Science Fiction: What’s the Point?

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While recording episode 2 (and 3) of our upcoming podcast, I realized that there is SO MUCH science fiction out there. There are the titles that have become mainstream, that even many who wouldn’t count themselves as fans of Sci Fi are very familiar with (Star Trek, Battlestar Galactica, etc.) There are cultish titles that self-described geeks spend a ridiculous amount of time analyzing, wishing there were new installments of, talking about, and creating fan fiction/websites/art about (Firefly, Dune, etc.) Then there are the cross genre  creations that are described (and argued about) as science fiction, fantasy, supernatural, or any number of other possible labels (Lost, Buffy the Vampire Slayer, and so on.)

Ok, that’s obvious, and anyone reading this blog is probably thinking, “Duh. Get to the point.” Well, the point is, what is the point? Why do so many people (and the numbers seem to be increasing) feel drawn to the Science Fiction genre?

One theory is that it is because we are, even much more so than our predecessors, truly on the verge of what once was the vision of “the future”. There have been many comments made about how so many of the things we take for granted we not so long ago theorized in sci fi and fantasy books and movies. Things like cell phones, bluetooth technology, 3-d video, computer chips that make inanimate objects smarter are a part of our daily lives, but we don’t often think about how amazing it is. A computer on the Answer and Question quiz show “Jeopardy” beat the show’s top winners…and the trick there is the questions aren’t straight facts-context and complex wordplay must be understood to get the right answer for many of the questions. So the computer had to know how to analyze the words for sometimes alternate meanings, then cross reference them with the facts it had accesss to…like our brains do. Can it be long before true artificial intelligence is developed? Particles have been “transported” from one place to another. Can it be long before larger and larger objects can be broken down to their atomic structure and reassembled almost instantaneously at further and further distances? Seemingly credible reports of UFOS are coming from all over the globe at somewhat regular intervals. Can it be long before we make contact with intelligence beyond our planet?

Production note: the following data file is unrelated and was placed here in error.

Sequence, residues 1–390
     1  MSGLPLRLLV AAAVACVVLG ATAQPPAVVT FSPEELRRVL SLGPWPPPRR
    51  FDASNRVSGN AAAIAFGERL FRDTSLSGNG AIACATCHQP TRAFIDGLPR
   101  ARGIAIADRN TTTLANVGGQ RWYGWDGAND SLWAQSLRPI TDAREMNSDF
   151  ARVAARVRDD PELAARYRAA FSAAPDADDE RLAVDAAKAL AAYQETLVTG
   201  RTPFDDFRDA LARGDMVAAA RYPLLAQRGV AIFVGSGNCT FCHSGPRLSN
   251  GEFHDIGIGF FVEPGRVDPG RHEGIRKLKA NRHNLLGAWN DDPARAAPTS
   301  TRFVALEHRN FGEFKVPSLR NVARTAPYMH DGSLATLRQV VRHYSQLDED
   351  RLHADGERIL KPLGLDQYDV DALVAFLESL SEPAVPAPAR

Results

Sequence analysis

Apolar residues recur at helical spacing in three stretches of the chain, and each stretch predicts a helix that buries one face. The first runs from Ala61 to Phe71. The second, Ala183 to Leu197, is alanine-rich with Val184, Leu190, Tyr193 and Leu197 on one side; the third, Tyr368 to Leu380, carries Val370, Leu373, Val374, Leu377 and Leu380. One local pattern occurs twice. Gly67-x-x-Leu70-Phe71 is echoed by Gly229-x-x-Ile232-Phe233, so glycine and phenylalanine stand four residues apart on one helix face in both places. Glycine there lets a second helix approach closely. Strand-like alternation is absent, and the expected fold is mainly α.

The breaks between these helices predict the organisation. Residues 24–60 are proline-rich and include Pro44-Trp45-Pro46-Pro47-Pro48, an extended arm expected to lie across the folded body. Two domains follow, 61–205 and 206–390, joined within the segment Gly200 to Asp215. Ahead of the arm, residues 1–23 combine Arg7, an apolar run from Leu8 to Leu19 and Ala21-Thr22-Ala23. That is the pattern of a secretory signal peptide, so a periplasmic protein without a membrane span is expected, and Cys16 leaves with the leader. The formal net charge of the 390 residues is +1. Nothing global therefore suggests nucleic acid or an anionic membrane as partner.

It could be that the increasing fascination with all things fantastic and futuristic is because we are getting closer and closer to the world(s) that have been theorized and presented by the gurus of Sci Fi: Asimov, Roddenberry, Herbert…but there is another, darker theory…

It could also be that mass consumption of science fiction is increasing because of a sense of fear or dread about our actual future. When watching or reading the news, things don’t look so good, so perhaps people look to sci fi as an escape, to show us a more hopeful version of the future that isn’t so easy to see when world economies are down, and the planet seems to be rebelling against humanity with increasingly larger acts of destruction such as earthquakes, tsunamis, hurricanes…

If you look back, science fiction seems to have had it’s points of highest popularity during difficult times. The Flash Gordon comics and serials came about between the Great Depression and WWII. Star Trek first came to life in the late 1960′s, when the world was very concerned about the Vietnam war, the spread of Communism, race riots, and the threat of nuclear annihilation. Since then, the number of science fiction and fantasy books, movies and television shows has exploded. Is that because people think we are heading relentlessly towards destruction, and therefore need to see a fictionalized version of the future to help us believe that a future can exist? Or is it the lighter, more hopeful possibility that i mentioned first, that we’re close to the future that has been envisioned?

Time travelers, I’d love to hear your thoughts on this, since there really is no one answer. Please comment below, or on our Facebook page ( and let us know what you think the reason is that Science Fiction seems more popular than ever.

Posted by   @   June 6, 2011 1 comments
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Jun 9, 2011
1:39 pm
#1 J.M. Frey :

Great article! This seems to be a much-discussed topic in the literary circles recently, and it’s great to see it expanding into media, as well.

I also did an article on why I write SciFi –

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